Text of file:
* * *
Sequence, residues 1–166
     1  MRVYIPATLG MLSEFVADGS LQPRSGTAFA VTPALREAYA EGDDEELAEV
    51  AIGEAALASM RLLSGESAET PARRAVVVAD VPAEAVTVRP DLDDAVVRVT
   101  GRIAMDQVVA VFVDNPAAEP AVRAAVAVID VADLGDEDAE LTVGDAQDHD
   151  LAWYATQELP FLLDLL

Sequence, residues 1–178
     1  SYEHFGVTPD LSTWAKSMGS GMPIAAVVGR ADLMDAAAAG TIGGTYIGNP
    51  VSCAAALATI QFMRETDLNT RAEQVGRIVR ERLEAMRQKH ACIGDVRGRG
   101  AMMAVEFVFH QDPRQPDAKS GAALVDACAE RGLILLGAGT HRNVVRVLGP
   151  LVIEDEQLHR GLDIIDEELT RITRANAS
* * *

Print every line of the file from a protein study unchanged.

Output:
Sequence, residues 1–166
     1  MRVYIPATLG MLSEFVADGS LQPRSGTAFA VTPALREAYA EGDDEELAEV
    51  AIGEAALASM RLLSGESAET PARRAVVVAD VPAEAVTVRP DLDDAVVRVT
   101  GRIAMDQVVA VFVDNPAAEP AVRAAVAVID VADLGDEDAE LTVGDAQDHD
   151  LAWYATQELP FLLDLL

Sequence, residues 1–178
     1  SYEHFGVTPD LSTWAKSMGS GMPIAAVVGR ADLMDAAAAG TIGGTYIGNP
    51  VSCAAALATI QFMRETDLNT RAEQVGRIVR ERLEAMRQKH ACIGDVRGRG
   101  AMMAVEFVFH QDPRQPDAKS GAALVDACAE RGLILLGAGT HRNVVRVLGP
   151  LVIEDEQLHR GLDIIDEELT RITRANAS